Migration Studies, OUP
The new issue 2(3) of Migration Studies is out. It contains a short symposium on the impacts of irregular status with contributions by Elzbieta Gozdziak, Janina Sohn, Daniela Borodak and Ariene Tichit. Using ethnographic methods, Gozdziak examines how irregular immigration status affects the educational opportunities of children in the US, concluding that ‘the kind of assistance and support Latino students need will not come solely from immigration reform and policy changes, but rather paradigm shifts in our attitudes toward and programs for Latino children and their families as well as policies aimed at alleviating poverty of immigrant families’ (Gozdziak, 2014, pp. 392–414). The nexus immigration status and educational attainments is the focus also of Söhn’s article (2014). Borodak and Tichit explore the impact of status on migration projects and conclude that, while ‘the total duration of migration to a foreign country is the same for regular and irregular migrants”, irregular migrants move less due to constraints of status (Borodak and Tichit, 2014, pp. 415–447).
Closely related to the theme of the symposium, this Migration Studies issue also includes a review essay by Franck Duvell on “Human smuggling, border deaths and the migration apparatus” (Duvell, 2014).
The collection also includes three theoretically driven pieces by Oliver Bakewell on the ‘re-launch’ of migration systems theory (Bakewell, 2014), Roger Waldinger on an agenda for a sociological engagement with ’emigrant politics’ (Waldinger, 2014); and Cheng, Young, Zhang and Owusu on a comparative exploration of internal migration in China and the EU (Cheng, Young, Zhang and Owusu, 2014). An editorial by Alan Gamlen introduces the collection.
Interviewed by Jon Sopel on BBC World’s Global on EU response to migrants’ irregular crossings in the Mediterranean.
Draft cover, Sans Papiers by Bloch, Sigona & Zetter, Pluto Press 2014 forthcoming
A lot of my time in the last few weeks went into writing, revising, restructuring the manuscript of Sans Papiers. Eventually, the manuscript will be ready to go to Pluto Press by the end of this week. Exciting to see another editorial project almost completed. All going according to plan, the hard copies will be out by Summer 2014. Writing a book takes always a bit longer that one anticipates. Co-authorship can be challenging at times, but it is also inspiring and very reassuring to be able to share ideas, drafts, endless editing with two colleagues and friends I have known for many years.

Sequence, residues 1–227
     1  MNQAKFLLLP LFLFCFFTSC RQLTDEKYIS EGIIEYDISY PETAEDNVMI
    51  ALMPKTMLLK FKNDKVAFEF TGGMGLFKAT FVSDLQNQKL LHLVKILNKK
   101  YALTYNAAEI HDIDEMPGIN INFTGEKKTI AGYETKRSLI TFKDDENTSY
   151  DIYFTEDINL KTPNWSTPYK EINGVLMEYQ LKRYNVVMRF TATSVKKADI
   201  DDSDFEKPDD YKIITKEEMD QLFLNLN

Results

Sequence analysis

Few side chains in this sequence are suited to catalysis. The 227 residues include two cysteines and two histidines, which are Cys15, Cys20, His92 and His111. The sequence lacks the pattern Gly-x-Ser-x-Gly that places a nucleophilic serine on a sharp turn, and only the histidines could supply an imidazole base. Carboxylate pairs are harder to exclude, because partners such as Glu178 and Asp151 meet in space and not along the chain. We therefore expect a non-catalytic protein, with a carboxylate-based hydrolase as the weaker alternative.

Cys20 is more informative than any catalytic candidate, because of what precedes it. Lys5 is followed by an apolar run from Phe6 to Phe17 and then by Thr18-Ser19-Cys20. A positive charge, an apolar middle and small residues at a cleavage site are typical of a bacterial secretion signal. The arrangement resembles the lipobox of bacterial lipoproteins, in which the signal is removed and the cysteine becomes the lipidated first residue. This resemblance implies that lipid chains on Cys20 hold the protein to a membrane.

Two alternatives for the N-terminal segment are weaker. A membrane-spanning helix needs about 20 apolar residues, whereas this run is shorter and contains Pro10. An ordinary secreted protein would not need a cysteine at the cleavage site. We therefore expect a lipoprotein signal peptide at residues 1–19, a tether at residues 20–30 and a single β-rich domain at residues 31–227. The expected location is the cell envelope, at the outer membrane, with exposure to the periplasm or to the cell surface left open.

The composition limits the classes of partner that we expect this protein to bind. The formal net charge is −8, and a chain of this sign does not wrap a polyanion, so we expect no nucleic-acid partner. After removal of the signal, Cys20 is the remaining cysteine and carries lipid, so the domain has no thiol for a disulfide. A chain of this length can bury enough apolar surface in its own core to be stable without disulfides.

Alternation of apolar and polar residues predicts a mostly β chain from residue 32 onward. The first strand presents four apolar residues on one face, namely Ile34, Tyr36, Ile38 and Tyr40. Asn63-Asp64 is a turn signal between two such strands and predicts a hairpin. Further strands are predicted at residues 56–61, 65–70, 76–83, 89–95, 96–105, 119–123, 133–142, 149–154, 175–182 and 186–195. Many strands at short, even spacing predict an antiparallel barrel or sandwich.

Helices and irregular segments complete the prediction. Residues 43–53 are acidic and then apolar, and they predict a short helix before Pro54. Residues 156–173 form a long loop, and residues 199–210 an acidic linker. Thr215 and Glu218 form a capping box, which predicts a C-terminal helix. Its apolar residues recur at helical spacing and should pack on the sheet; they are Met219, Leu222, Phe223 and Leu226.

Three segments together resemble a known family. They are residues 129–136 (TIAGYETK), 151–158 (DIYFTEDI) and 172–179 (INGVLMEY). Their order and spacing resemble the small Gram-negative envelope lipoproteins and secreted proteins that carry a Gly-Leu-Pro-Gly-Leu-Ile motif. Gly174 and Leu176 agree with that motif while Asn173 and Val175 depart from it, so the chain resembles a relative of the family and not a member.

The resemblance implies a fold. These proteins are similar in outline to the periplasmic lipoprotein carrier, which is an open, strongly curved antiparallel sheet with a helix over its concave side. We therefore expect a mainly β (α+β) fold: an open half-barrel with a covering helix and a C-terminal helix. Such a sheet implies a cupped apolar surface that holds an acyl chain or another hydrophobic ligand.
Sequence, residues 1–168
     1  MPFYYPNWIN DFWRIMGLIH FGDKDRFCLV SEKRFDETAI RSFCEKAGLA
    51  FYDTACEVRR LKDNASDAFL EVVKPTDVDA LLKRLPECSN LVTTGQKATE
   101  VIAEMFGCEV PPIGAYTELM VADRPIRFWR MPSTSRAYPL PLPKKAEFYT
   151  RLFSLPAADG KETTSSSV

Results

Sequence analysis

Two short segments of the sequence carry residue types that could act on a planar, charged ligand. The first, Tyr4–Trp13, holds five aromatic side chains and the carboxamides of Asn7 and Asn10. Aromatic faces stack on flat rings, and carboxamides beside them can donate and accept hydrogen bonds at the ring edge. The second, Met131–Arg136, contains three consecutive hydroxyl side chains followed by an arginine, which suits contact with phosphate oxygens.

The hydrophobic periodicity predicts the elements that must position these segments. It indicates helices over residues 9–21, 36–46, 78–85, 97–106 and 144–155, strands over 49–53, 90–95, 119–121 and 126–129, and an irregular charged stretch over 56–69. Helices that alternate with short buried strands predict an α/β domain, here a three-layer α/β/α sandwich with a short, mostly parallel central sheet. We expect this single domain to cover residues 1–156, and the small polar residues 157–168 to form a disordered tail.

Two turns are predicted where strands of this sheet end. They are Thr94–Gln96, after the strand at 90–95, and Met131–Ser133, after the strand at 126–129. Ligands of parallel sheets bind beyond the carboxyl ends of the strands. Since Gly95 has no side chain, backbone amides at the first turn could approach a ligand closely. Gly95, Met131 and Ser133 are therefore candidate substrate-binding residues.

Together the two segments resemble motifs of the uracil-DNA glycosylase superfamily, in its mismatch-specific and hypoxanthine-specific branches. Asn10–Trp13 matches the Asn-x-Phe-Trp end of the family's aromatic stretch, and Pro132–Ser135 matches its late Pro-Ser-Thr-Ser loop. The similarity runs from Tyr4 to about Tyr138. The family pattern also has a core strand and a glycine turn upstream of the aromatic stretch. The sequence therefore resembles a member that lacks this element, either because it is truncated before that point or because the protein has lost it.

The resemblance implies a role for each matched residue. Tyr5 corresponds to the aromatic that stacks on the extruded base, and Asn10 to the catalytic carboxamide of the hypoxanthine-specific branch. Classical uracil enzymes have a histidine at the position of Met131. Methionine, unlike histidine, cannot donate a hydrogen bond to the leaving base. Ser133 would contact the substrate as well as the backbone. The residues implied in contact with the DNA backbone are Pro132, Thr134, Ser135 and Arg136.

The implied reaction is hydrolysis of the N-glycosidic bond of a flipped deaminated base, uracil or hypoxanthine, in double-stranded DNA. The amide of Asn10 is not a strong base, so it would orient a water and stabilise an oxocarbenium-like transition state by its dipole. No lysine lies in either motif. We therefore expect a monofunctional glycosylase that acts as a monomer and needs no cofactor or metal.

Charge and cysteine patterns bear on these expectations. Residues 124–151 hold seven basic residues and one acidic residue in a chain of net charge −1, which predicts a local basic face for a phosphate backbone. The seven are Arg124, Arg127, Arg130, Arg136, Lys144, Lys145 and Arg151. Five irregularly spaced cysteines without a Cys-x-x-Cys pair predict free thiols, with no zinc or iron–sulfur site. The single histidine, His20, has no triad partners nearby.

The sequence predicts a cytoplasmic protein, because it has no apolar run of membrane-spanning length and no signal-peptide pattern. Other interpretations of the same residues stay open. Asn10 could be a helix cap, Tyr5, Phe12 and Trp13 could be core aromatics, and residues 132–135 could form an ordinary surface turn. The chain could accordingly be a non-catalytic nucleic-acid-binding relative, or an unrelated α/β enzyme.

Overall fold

[Caveat: A few unrefined thoughts likely to change over the next few hours]
BBC Radio 4’s Moral Maze
Tonight I am an ‘expert witness’ on the BBC Radio 4’s programme Moral Maze, the topic is immigration and I have been invited to reflect on the moral issues raised by the tragic incident off the coast of Lampedusa. As a constructivist sociologist, questions around ethics (especially my own) are not often at the forefront of the work I do. They are of course in the background, inspiring the kind of questions I ask, the people I choose to interview, the methods I use. I tend to look at normative framings (including human rights) as a subject of investigation rather than as a given. My recent review essay on globalization, rights and the non-citizen is an example of the work I am doing in this direction. But now, I am facing with a philosophical question on morality (which given my anthropological background sounds at times Euro-centric and paternalist) and in thinking on it I can’t avoid to go back to history instead, to colonial and post-colonial legacies, to how the world is inextricably interconnected. The paradox of a human rights framework which governments like the UK are happy to use only when it doesn’t affect them comes inevitably to mind, so at the end I’m back to an immanent critique of the state and the EU who commit on paper to principles they then only uphold selectively.
The death of migrants in the Mediterranean is a truly ‘European’ tragedy
[Article for LSE EUROPP Blog, 14 Oct 2013]
Cemetery of migrant boats in Capo Passero, Sicily. Photo by Nando Sigona
Over 300 migrants travelling from Libya to Italy died on 3 October when the boat they were travelling in caught fire and sank in the Mediterranean. I argue that efforts to prevent further disasters taking place must focus on the reasons why migrants choose to risk their lives by travelling to Europe. The EU has not taken on its fair share of asylum seekers in comparison to developing countries in Africa and the Middle East, and opening up safe and legal pathways to apply for asylum should be a key priority. Finally, I argue that the Europeanization of Lampedusa is a strategic asset for the EU Commission at a time when the EU legitimacy is under unprecedented attack in many EU member states. It is up to the EU Commissioner Cecilia Malmstrom to make it a truly EU ‘home’ affair [continue reading]